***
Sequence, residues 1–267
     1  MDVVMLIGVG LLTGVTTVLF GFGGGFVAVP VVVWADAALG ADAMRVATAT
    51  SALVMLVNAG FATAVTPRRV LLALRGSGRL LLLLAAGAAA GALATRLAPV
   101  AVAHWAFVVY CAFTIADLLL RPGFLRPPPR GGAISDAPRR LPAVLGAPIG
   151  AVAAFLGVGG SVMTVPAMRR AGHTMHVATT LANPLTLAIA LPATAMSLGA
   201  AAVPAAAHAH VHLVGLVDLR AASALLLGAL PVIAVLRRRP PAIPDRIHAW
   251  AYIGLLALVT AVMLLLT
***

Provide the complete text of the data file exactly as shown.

Sequence, residues 1–267
     1  MDVVMLIGVG LLTGVTTVLF GFGGGFVAVP VVVWADAALG ADAMRVATAT
    51  SALVMLVNAG FATAVTPRRV LLALRGSGRL LLLLAAGAAA GALATRLAPV
   101  AVAHWAFVVY CAFTIADLLL RPGFLRPPPR GGAISDAPRR LPAVLGAPIG
   151  AVAAFLGVGG SVMTVPAMRR AGHTMHVATT LANPLTLAIA LPATAMSLGA
   201  AAVPAAAHAH VHLVGLVDLR AASALLLGAL PVIAVLRRRP PAIPDRIHAW
   251  AYIGLLALVT AVMLLLT